It isn't so much the changing threat landscape that causes security leaders to re-assess their approach to incident response. Mobility and the expanding perimeter are the real factors driving change....
With Congress facing $1.2 trillion in budget cuts, Federal Chief Information Officer Steven VanRoekel says funding for cybersecurity initiatives will likely be affected. But with smart planning, government information technology should not be placed at risk.
Which fraud trends need the most attention from U.S. banking institutions in 2013? Distributed-denial-of-service attacks and account takeover, says FS-ISAC's Bill Nelson, who offers fraud-fighting tips.
Tom Ridge, the first Homeland Security secretary, questions the wisdom of granting the Department of Homeland Security greater authority to influence IT security within the federal government and the nation's critical IT infrastructure.
Peer-to-peer, near-field communications and barcode scans are revolutionizing mobile payments. What unique risks do these emerging technologies pose to banking institutions? Two FDIC executives offer insights.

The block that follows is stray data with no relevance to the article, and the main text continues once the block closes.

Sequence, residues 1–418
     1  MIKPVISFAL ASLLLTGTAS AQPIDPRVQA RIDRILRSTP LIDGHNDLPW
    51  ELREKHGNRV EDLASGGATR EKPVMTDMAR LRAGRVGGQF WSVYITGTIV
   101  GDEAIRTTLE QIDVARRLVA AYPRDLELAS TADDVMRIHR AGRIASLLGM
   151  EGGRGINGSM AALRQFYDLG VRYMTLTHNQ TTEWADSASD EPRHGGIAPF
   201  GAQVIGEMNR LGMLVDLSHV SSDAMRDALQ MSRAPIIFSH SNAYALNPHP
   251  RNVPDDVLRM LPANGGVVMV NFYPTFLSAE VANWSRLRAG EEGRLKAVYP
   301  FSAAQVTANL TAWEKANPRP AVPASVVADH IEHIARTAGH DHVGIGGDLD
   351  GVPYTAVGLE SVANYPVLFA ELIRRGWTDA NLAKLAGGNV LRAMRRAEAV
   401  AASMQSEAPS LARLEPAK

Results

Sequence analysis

With different nations establishing different privacy standards, organizations face adopting the most stringent regulations in order to be compliant everywhere they operate, says Marc Groman, a director of the International Association of Privacy Professionals.
Cloud computing and mobility are areas likely to see new regulatory attention in the year ahead. But what are the other hot topics that leading attorneys believe will be addressed in new legislation worldwide?...
The penalties paid out by HSBC and Standard Chartered Bank for violations to money-laundering regulations should serve as a wake-up call, says Kevin Sullivan. In fact, banking institutions should brace for more fines.
When it comes to mobility, how do leaders balance security needs with employees' BYOD desires? The easy answer: Just say no. But that's also the wrong answer. What security tips do these leaders offer?
Members of the U.S. Congress may be more sensitive to cyberthreats than they were in the past, but that doesn't mean they truly all appreciate the risk key government and private-sector IT systems face, says House Cybersecurity Caucus Co-Chair Jim Langevin.